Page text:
Lisa: It is mostly putting on a costume and acting the role of the costume. It is more annoying than difficult to portray the role. When I was growing up, I was a fan of the artist that I portray. I actually got started in show business by singing karaoke at a bar. Immediately after hearing me sing, people came up to me and asked me if I did shows. I had no idea what that meant but figured it out over the years and fine-tuned it until it became a money-maker for me. That was twenty-five years ago. I wanted to go to school to be a lawyer when I got out of high school, but I got so busy traveling and doing shows that I had to quit college. 

SCA: As you embark on your life as your true self, what are your goals? Do you plan to continue as an entertainer, or perhaps something new?

Lisa: I will not be able to stay in entertainment when I live as Lisa, since the character I play is very male. If there are opportunities to entertain as Lisa, I'll listen but it is not what I'm looking for. Transformation is hard and I would prefer to do it in private. No big to-do about coming out. Nobody cares, just start living as Lisa. I will get a job hopefully working at the post office or something of that nature. Once I have my own place and a steady job I will re-assess and see what I want as Lisa when I am living as her. So I guess right now the goal is living as Lisa, my true self.

SCA: Is there any bit of pop culture that encompasses who you are at this stage of your life? Perhaps a book, movie, or song? 

Lisa: I'm not a big pop culture girl. I'm more of a hippie type. If I had to pick who encompasses me as I am right now I would say I'm Anastasia from 50 Shades Of Grey. I'm about to embark on a new world as a woman and some of it will be scary. But, sometimes scary is necessary to get to the things you want.

SCA: Tell us about your other interests, whether they be gender-related or not.

Lisa: Away from show business, I enjoy looking pretty, of course. I would love to learn to sew, but wouldn't really say that is gender-related because some feminists might get mad. Gender is a strange thing nowadays. It used to be very black and white but has blended a lot since I was young and is very gray now. Otherwise, I like to play basketball but can't do that more than once a week because of age. I also enjoy running and physical fitness. I am a very physically active person. Exercise, work, and my transition are enough to keep me busy.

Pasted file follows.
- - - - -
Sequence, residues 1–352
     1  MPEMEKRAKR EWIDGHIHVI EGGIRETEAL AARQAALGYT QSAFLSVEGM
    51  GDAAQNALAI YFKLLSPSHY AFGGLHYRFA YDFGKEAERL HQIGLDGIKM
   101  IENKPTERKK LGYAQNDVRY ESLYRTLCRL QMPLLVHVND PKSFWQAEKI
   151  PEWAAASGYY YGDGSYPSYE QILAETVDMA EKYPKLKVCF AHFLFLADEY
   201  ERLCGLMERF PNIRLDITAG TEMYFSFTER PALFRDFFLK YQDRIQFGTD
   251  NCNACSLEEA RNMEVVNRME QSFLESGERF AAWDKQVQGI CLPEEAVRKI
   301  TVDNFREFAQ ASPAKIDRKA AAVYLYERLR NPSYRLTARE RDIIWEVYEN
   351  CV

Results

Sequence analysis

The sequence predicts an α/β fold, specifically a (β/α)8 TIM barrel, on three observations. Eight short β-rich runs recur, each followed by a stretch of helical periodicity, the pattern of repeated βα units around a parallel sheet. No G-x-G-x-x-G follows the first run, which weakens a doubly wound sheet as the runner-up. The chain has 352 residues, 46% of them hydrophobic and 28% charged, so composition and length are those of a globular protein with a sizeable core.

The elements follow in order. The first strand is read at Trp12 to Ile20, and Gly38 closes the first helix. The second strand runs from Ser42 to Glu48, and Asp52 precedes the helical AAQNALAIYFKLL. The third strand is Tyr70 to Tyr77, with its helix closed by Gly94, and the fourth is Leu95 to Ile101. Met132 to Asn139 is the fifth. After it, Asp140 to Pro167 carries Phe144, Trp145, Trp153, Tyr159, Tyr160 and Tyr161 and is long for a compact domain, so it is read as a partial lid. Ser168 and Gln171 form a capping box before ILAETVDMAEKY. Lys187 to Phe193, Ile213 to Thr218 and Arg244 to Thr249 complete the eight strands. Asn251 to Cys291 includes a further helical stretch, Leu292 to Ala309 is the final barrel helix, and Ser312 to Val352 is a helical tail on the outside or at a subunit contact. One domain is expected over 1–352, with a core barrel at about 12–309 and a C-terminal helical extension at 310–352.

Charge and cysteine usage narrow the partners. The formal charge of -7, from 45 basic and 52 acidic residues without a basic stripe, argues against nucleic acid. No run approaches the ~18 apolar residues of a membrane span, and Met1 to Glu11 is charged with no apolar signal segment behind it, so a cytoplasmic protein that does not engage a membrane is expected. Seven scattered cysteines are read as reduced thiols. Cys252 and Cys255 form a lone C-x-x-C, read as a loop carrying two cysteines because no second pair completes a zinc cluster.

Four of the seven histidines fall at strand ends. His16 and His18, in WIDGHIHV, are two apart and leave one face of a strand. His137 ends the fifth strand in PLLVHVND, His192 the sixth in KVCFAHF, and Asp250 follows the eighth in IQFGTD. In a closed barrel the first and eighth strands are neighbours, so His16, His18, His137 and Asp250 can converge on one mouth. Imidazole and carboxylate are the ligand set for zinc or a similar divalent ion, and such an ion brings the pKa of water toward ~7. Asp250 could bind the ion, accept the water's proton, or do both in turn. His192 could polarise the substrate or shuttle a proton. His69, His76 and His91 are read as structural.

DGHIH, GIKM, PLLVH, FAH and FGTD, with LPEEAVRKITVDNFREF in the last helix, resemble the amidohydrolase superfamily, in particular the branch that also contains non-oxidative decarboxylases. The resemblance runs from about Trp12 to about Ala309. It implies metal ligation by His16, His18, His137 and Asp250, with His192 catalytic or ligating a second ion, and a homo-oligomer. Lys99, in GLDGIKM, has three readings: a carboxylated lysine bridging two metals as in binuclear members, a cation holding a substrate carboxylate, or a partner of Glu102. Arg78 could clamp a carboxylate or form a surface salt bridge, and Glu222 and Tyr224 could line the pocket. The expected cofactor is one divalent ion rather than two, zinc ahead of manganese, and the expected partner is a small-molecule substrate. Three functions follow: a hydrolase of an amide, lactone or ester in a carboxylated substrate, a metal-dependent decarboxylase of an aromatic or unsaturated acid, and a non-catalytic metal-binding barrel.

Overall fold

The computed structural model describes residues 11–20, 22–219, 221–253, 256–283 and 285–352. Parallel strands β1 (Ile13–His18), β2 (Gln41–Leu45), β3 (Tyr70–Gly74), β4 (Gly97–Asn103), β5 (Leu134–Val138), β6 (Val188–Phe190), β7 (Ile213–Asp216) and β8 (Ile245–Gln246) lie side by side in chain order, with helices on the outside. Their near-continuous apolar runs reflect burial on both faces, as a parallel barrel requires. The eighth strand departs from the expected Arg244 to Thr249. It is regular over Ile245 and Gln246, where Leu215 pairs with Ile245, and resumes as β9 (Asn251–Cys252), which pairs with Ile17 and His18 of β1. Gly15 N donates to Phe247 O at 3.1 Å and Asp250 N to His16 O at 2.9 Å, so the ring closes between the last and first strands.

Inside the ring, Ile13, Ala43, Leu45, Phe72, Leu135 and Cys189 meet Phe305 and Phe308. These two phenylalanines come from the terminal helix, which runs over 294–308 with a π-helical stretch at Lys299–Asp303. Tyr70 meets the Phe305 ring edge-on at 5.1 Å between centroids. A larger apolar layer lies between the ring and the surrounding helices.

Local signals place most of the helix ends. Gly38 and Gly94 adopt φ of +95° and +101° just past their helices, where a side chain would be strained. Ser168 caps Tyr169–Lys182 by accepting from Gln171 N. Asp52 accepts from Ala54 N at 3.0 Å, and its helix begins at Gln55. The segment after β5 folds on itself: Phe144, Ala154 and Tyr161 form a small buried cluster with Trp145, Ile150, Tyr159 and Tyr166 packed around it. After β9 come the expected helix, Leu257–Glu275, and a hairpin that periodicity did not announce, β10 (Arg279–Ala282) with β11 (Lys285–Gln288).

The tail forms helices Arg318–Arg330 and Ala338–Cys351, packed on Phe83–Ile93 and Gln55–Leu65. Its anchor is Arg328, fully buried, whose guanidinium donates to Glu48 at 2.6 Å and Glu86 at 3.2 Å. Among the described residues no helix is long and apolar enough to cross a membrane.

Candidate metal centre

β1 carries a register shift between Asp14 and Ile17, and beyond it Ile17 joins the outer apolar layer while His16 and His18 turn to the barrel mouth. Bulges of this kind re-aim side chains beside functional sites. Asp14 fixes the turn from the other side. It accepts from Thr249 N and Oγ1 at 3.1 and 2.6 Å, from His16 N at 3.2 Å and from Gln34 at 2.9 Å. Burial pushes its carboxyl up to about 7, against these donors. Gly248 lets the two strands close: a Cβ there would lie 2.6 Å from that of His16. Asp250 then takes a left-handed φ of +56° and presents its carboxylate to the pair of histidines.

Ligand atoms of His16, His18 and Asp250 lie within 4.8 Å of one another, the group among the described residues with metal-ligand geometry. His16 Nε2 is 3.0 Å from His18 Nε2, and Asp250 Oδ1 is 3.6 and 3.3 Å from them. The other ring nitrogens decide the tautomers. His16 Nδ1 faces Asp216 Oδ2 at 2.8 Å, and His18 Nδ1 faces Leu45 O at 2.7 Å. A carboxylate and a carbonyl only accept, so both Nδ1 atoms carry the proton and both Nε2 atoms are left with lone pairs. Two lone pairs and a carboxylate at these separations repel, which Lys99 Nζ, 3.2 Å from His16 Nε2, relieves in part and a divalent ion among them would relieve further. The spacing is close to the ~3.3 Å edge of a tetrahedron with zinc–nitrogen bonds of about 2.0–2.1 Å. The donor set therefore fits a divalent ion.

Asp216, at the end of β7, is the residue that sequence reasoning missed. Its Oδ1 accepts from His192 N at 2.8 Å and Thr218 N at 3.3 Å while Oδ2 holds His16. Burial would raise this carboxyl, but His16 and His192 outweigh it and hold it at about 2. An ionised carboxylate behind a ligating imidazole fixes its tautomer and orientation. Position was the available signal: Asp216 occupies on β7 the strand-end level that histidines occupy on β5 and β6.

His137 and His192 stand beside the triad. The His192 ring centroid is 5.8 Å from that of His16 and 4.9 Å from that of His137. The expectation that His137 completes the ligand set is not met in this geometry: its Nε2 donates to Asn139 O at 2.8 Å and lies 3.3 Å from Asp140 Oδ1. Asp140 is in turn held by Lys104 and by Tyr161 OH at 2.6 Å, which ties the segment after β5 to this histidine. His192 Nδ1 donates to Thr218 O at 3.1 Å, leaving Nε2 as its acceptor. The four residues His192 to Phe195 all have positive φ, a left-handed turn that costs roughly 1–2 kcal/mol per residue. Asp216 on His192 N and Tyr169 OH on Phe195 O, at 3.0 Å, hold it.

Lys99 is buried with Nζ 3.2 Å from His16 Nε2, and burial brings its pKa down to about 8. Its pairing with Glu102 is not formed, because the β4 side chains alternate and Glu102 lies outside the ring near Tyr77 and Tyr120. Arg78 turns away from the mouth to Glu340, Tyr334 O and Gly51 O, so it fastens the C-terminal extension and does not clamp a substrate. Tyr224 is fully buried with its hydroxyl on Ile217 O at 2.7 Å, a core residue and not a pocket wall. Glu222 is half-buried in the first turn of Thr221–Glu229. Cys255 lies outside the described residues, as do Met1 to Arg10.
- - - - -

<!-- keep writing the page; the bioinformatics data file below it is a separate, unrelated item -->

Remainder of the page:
SCA: Pictured in this article are your favorite shoes. You provided that by request, since this blog series is called "Walk A Mile In Her Heels". What makes them your favorite?

Lisa: These shoes are my favorite because they are 6-inch and I can still walk in them. I just love the color and material. 

SCA: (chuckling) Do you envision wearing 6-inch heels at the post office?

Lisa: I am a practical girl. There is a lot of walking involved when a person works at the post office, so I will most likely wear whatever is comfortable enough to get me through the workday. I love heels, but it's not what I would wear to work in. On date night I would absolutely be in 6-inch heels, but I'm not wearing them to work.

SCA: Thank you for this time to get to know you better. One last question: What would you say to a kid that is in a position similar to what yours was, or what would you tell your younger self if you could?

Lisa: If I could tell a child in my situation anything I guess it would be to just accept this side of you and enjoy it. I honestly just came back from visiting with my parents and they are still very hateful towards anyone with an alternative lifestyle. So if a kid were in a situation like mine I would also tell them that once they move away their parents' hatred doesn't exist. It only exists when they are around. If I could tell my younger self anything I guess it would be that same advice.


  1. very good and very interesting .. Enjoy these a lot